Relatedly, Ableton Live 2.0, my software du jour, is the perfect live sequencing and arrangement program for importing exactly what you may be exporting from Reason. Admittedly, I’m just getting acquainted with these two programs, however, I believe that they work beautifully together and as an integrated solution to your music synthesis, and arrangement needs. What Live enables you to do is take those very loop-based ideas created in Reason and tweak, manipulate and effect in real-time in as many twisted scenarios as you can imagine. I hope to delve deeper into the inner workings of these two programs over the coming months, but for the record, in one day I was arranging and effecting sick drum n’ bass grooves from trip hop grooves created in Reason, by using just Ableton’s built in effects. The auto-filter and filter delay effects are enough of a reason to use the program as any. The ability to hear such clear and seamless results with your midi controller knob or mouse is a beautiful thing. Twist a knob and hear your groove expand from the depths of the sub-bass abyss into the cascading waves of your mellifluous melodies onto the shores of your captivating soundscapes.

Ableton reads your loops directly from your internal or external hard drive. Its load time is super quick and loop integration from hard drive to output is all in a manner of seconds. Beyond its own built-in effects capacity, it supports all VST based plug-ins giving you virtually limitless effecting power. I the coming months I hope to share much more in-depth reviews on the technical capacity of these two very far-reaching music synthesis environments.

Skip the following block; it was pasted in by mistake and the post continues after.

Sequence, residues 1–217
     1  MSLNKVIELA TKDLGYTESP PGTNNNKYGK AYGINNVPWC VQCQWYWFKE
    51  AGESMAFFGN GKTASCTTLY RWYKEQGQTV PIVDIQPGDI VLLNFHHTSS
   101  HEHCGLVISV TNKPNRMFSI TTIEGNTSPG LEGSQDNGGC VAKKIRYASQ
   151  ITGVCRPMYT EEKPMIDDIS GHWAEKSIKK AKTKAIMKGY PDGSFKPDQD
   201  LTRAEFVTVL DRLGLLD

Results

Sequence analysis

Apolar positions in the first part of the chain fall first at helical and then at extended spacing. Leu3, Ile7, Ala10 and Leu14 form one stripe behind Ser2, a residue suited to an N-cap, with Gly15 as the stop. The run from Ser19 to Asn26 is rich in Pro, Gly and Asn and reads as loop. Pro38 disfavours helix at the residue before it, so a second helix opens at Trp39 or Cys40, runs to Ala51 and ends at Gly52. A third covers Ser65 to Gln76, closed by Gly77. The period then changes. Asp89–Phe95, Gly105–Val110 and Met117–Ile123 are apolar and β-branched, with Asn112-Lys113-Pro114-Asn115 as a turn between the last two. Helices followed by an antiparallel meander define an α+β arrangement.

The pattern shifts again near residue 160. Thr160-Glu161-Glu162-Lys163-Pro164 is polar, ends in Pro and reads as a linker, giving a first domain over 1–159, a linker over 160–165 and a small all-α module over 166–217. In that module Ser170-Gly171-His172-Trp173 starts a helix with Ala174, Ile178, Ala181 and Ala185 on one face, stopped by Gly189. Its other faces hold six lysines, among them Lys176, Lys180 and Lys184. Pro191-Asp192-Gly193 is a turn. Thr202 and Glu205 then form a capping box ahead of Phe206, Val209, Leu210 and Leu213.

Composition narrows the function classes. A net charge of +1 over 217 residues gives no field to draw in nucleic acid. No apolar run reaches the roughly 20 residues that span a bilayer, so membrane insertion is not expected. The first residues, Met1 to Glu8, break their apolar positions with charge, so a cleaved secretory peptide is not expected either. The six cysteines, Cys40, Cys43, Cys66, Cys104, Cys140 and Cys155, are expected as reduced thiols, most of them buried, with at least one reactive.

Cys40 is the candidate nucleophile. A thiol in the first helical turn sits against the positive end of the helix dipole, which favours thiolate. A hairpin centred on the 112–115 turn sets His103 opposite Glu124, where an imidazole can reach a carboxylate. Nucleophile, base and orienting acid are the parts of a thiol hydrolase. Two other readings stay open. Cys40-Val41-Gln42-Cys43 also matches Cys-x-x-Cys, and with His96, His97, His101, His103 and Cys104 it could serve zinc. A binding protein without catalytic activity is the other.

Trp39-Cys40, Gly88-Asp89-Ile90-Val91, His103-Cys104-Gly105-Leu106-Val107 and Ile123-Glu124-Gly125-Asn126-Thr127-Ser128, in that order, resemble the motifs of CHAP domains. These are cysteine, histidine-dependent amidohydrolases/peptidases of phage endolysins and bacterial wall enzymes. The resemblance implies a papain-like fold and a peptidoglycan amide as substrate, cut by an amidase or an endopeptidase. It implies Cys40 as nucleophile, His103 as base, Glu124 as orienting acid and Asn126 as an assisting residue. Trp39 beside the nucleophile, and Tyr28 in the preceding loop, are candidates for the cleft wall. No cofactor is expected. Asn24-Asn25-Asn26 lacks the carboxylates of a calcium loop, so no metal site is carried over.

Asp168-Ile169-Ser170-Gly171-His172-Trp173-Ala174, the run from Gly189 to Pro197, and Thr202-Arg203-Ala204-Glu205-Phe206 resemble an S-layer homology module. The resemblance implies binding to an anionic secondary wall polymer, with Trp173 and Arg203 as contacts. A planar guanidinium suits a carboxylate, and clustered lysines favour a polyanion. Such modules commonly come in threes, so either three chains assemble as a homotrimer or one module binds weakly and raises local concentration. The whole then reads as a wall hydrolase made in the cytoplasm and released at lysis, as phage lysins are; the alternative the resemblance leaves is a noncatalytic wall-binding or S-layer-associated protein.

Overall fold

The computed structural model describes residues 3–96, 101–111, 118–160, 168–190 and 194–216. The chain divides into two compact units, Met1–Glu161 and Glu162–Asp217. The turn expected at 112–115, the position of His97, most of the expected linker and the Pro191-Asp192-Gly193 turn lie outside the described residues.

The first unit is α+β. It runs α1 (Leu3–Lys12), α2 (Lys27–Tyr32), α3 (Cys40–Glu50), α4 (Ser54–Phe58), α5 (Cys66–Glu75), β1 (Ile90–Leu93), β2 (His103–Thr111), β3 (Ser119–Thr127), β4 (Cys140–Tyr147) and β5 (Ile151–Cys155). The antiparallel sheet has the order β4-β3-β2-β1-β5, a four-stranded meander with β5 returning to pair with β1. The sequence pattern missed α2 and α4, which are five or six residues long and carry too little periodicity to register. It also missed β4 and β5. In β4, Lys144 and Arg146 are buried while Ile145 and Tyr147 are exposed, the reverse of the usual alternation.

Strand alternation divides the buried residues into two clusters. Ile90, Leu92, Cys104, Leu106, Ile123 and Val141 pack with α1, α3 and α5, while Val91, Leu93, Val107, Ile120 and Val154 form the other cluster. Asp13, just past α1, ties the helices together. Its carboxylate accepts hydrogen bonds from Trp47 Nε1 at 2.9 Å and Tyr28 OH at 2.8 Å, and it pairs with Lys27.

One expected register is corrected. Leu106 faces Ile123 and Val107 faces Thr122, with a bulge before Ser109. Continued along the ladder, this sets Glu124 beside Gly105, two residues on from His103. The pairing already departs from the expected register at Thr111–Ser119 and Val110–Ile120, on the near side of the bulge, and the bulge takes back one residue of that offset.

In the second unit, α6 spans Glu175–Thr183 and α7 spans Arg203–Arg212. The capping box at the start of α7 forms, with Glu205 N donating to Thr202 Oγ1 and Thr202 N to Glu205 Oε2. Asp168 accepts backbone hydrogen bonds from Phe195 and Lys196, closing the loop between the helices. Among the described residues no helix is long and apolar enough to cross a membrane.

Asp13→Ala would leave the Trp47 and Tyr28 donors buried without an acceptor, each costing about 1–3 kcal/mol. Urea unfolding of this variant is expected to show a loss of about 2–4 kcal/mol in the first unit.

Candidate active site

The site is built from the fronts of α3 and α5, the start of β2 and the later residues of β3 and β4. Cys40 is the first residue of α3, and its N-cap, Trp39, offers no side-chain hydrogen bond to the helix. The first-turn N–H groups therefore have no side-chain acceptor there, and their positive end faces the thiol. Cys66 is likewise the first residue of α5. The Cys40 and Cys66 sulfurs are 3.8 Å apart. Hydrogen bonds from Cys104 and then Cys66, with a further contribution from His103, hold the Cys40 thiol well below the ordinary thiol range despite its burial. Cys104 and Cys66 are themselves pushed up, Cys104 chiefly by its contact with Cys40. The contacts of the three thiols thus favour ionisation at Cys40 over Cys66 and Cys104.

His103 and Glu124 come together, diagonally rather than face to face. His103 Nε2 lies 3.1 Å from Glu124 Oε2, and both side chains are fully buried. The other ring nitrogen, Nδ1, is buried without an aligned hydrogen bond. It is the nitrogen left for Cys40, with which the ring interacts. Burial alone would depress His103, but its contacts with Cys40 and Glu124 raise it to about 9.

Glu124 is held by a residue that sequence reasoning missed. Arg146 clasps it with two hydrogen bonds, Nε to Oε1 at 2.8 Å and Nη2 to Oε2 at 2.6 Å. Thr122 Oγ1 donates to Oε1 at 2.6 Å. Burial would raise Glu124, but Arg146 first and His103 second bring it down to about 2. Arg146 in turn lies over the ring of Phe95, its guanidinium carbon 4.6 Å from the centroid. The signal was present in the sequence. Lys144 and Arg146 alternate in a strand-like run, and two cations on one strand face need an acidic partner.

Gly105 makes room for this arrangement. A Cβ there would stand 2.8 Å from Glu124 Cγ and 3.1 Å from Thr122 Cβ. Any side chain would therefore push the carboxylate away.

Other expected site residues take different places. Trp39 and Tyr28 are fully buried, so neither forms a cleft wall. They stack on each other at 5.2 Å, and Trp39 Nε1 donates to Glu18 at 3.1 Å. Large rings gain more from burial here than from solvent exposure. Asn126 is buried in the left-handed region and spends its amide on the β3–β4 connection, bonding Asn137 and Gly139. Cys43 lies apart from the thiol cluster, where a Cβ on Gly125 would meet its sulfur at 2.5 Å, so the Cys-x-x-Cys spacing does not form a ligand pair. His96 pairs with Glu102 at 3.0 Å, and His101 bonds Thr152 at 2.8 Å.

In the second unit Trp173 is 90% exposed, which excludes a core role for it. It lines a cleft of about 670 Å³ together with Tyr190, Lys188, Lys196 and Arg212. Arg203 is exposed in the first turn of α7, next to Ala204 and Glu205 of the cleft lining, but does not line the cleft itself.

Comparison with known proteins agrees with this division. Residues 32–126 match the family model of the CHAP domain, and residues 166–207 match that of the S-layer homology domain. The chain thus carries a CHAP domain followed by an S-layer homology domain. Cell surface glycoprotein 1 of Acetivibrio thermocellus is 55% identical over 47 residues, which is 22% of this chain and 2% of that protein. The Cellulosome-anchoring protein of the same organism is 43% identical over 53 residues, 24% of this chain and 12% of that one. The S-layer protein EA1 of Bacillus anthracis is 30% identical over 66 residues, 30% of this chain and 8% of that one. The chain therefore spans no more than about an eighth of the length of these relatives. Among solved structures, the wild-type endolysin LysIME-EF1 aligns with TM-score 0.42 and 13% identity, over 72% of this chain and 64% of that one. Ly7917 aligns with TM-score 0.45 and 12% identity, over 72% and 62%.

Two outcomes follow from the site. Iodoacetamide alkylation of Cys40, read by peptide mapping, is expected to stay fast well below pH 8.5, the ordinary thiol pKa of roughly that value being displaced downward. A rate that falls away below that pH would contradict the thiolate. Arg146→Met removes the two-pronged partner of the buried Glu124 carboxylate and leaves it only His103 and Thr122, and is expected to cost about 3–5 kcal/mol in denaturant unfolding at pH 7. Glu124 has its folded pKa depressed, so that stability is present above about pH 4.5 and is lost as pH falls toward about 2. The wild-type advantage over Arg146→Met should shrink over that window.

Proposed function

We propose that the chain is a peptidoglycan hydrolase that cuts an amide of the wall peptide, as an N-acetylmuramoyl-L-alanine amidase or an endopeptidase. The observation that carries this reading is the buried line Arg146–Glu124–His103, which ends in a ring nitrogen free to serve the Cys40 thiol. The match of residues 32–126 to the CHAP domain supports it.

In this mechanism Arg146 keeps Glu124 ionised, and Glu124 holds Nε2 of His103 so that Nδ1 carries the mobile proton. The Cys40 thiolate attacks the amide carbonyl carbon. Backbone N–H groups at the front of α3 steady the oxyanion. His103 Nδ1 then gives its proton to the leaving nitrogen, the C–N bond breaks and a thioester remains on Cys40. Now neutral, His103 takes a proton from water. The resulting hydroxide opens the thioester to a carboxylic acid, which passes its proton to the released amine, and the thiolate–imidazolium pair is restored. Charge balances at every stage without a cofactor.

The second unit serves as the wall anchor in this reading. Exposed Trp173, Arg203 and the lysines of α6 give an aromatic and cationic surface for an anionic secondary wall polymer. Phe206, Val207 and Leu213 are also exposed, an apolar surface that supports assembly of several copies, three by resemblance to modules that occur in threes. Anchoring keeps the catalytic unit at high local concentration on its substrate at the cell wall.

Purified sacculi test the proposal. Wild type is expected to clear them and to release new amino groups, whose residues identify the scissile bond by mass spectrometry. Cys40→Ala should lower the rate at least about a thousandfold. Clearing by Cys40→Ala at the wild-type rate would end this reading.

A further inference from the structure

Reason v2.0 includes:

Synthesizers, samplers, drum machine, ReCycle-based loop player, mixer, effects, pattern sequencer and more. As many of each as your computer can handle.

System Requirements:


[bullets][liIntel Pentium II/233 MHz or better[/li][li]64 mb RAM[/li][li]CD-rom drive[/li][li]Windows 98/ME/XP/2000 or later[/li][li]256 color monitor / 800×600 pixels resolution or better[/li][li]16-bit windows compatible audio card, preferably with DirectX or ASIO drivers[/li][li]MIDI Interface and MIDI keyboard[/li][/bullets]


[bullets][li]For Mac OS X: Any computer that runs Mac OS X 10.1 or laterMac[/li][li]For Mac OS 9: 604, 604e, G3 or G4 processor[/li][li]166 Mhz or fasterMac[/li][li]128 mb RAM[/li][li]Mac OS 9.0 or later[/li][li]CD-rom drive[/li][li]256 color monitor / 800×600 resolution or better[/li][li]MIDI Interface and MIDI keyboard[/li][/bullets]

Ableton Live 2.0 includes:
Looping, synchronizing, improvising, and recording functions.

System Requirements

Any G3 or faster
256 MB RAM
Mac OS 9.1 or later
Mac OS X.1.5 or later

400 Mhz CPU or faster
128 MB RAM
Windows 98/2000/XP
Windows compatible soundcard (preferably with a DirectX or ASIO driver)